Oats and probiotics have been long known for providing health benefits. An attempt has been made to prepare the synbiotic milk drink by adding oat flour in different concentrations (0.5 %, 1.0 % and 1.5 %) with L. casei 019 and L. acidophilus 014 as a probiotic microorganisms. The several works that were carried on probiotic bacteria in food systems have proved a low viability during storage period. This work presents some research whose main purpose is the improvement of the behaviour and functionality of the added probiotic strains by adding oat flour. At the end of the storage period of 21 days, the probiotic count in the samples T0, T1, T2 and T3 were found to be 5.78, 5.95, 7.04 and 7.08 log10 cfu/ml respectively. The milk drink samples (T2) 1 % and (T3) 1.5 % had maintained the desirable number of probiotic microorganisms in the product.
The word ‘probiotic’ is derived from the Greek language ‘pro bios’ which means ‘for life’. Probiotics are defined as “live microorganisms which on ingestion in certain numbers, exert health benefits beyond basic nutrition” (Guarner and Schaafsma, 1998). When the milk or milk products are added with these probiotics micro-organisms, they contributes in improvement of health and provide numerous health benefits. The lactic acid bacteria (LAB) are the most common probiotic micro-organisms that is mostly used as human probiotic micro-organisms. In LAB, Lactobacillus and Bifidobacterium constitutes the most frequently used genera (Holzapfel and Schillinger, 2002), either singly or in combination, constitutes a significant proportion of probiotic cultures in nutritional supplements, pharmaceuticals and functional foods (Piano et al., 2006). The applications of probiotic bacteria in food products are increasing due to their potential health beneﬁts mainly through maintenance of normal intestinal microﬂora, protection against gastrointestinal pathogens (D’Aimmo et al., 2007), enhancement of the immune system (Gilliland, 1990), reduction of serum cholesterol level, blood pressure and anti-carcinogenic activity (Rasic, 2003), improved utilization of nutrients and improved nutritional value of food (Lourens-Hattingh and Viljoen, 2001). Therapeutic applications of probiotics include prevention of infantile diarrhea, urogenital diseases, osteoporosis, food allergy and atopic diseases; reduction of antibody-induced diarrhea; alleviation of constipation and hypercholesterolemia; control of inﬂammatory bowel diseases; and protection against colon and bladder cancer (Mattila-Sandholm et al., 2002; Salminen, 1996; Venturi et al., 1999).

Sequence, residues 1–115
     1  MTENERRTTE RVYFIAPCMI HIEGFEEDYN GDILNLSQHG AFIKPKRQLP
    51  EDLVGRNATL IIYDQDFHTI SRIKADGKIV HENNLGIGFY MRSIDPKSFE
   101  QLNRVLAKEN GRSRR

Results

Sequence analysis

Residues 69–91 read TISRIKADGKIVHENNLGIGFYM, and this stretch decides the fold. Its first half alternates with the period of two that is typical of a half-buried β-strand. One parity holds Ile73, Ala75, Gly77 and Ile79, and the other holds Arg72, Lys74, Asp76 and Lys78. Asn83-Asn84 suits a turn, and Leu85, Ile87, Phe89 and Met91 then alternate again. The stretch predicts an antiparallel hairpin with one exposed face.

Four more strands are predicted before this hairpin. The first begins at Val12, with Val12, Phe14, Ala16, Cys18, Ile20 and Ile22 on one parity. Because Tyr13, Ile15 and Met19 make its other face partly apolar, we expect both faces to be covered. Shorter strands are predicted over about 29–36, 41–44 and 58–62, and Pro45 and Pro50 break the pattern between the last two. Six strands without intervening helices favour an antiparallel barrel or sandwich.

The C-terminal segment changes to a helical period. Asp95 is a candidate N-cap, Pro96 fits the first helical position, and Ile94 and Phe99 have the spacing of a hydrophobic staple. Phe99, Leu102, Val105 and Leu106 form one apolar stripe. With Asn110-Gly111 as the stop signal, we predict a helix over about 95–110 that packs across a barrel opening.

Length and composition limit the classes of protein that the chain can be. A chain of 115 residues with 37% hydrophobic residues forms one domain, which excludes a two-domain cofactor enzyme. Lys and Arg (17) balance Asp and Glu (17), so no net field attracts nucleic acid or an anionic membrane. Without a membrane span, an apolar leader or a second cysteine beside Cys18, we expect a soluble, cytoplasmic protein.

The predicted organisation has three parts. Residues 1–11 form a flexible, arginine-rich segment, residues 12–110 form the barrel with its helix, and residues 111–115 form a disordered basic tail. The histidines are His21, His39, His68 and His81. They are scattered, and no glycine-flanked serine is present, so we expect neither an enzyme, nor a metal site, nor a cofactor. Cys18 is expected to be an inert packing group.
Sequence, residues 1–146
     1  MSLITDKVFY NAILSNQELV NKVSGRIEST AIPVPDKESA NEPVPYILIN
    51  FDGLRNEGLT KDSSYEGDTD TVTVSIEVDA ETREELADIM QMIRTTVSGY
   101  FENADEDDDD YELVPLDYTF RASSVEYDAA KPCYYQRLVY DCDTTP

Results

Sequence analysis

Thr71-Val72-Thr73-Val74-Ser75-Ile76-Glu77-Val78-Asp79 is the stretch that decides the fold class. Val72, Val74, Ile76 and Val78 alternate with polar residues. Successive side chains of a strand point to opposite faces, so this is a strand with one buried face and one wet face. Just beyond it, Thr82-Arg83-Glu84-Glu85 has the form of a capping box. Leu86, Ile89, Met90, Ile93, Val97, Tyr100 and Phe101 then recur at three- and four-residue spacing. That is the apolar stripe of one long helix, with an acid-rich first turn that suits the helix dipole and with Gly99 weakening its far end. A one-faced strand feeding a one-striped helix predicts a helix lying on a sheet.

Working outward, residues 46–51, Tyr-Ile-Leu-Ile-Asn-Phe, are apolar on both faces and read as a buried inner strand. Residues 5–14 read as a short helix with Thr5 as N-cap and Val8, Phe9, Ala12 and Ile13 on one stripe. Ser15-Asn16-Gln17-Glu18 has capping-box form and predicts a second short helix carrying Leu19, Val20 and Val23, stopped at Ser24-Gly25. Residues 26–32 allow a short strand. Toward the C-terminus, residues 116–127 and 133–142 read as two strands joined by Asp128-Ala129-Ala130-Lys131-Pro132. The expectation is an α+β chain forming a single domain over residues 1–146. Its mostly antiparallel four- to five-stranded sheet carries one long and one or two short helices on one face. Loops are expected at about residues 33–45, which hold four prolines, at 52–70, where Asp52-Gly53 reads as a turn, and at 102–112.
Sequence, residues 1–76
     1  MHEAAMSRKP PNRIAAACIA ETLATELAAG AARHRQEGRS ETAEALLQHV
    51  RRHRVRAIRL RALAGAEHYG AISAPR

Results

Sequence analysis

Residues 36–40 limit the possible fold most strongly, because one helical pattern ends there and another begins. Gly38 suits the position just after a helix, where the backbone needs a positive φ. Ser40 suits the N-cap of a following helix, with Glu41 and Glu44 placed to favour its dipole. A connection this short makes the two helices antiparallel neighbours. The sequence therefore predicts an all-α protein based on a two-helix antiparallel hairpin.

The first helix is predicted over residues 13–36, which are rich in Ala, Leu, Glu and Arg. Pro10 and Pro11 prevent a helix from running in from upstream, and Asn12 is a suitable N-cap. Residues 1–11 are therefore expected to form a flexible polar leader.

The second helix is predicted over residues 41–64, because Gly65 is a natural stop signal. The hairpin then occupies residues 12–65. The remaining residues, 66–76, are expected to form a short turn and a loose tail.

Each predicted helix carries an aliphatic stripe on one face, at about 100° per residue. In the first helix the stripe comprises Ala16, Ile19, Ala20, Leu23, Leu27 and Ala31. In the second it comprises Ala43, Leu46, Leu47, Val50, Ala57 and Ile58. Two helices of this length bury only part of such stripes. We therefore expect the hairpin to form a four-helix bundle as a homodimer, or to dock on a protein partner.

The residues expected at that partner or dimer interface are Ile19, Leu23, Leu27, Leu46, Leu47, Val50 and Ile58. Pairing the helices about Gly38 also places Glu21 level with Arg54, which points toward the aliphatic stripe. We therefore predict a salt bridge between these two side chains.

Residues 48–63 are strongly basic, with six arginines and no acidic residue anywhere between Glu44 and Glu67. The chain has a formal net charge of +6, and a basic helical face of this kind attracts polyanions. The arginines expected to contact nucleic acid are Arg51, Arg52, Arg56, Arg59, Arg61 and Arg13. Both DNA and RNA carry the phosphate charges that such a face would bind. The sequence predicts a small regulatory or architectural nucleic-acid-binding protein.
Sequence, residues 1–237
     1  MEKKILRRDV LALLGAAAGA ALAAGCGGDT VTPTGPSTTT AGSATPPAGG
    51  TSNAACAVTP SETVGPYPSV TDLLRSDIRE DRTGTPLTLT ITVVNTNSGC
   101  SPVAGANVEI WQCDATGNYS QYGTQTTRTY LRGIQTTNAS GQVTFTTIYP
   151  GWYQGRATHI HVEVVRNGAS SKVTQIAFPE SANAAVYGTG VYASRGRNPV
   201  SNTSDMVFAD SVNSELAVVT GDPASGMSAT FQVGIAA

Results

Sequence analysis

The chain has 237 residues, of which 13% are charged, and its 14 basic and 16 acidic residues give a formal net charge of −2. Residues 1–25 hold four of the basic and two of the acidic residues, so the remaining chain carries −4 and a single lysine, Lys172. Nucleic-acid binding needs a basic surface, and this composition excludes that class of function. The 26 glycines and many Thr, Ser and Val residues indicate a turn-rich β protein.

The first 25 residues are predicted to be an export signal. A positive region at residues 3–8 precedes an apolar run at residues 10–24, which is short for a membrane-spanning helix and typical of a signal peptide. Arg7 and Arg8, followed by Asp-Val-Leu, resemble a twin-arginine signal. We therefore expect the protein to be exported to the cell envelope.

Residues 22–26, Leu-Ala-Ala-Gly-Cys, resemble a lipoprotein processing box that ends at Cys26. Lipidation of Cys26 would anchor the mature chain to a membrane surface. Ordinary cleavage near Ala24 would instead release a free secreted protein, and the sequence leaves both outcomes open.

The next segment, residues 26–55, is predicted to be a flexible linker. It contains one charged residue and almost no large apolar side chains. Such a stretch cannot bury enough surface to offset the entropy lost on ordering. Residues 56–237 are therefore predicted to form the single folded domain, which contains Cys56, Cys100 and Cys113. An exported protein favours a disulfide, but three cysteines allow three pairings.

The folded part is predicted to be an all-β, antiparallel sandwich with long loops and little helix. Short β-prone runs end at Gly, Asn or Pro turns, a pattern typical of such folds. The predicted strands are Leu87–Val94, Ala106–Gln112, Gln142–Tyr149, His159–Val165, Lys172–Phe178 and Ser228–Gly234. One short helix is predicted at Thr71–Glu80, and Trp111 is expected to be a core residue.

From the past few decades, a significant success has been achieved in the development of dairy based probiotic products such as fermented milks, ice cream, various types of cheeses, baby food, milk powder, frozen dairy desserts, whey based beverages, sour cream, buttermilk, normal and ﬂavored milk (Mortazavian et al., 2012). It is also be consumed as live probiotic cells in many nutraceutical products. Probiotic food products only provide significant health benefits when consumed in adequate amounts of 106-107cfu/ml of viable microorganisms count. The approximate quantity of probiotic products consumed regularly for desired health benefits should be 100 g/day in order to deliver required amount of probiotic microorganisms (Karimi et al., 2011). The efficacy of added probiotic bacteria in food systems depends largely on dose level and their viability must be maintained throughout storage period, and they must survive and colonize easily in the gut environment (Gustaw et al., 2011). For improving these features of probiotic bacteria, probiotic products should be supplemented with non-digestible food ingredients i.e. prebiotics that beneficially affect the host by selectively stimulating the growth of the bacteria in the colon. The product obtained after probiotic microorganisms and prebiotic substrates is termed as synbiotic product. This combination of probiotics and prebiotics can improve the survival of probiotic organism.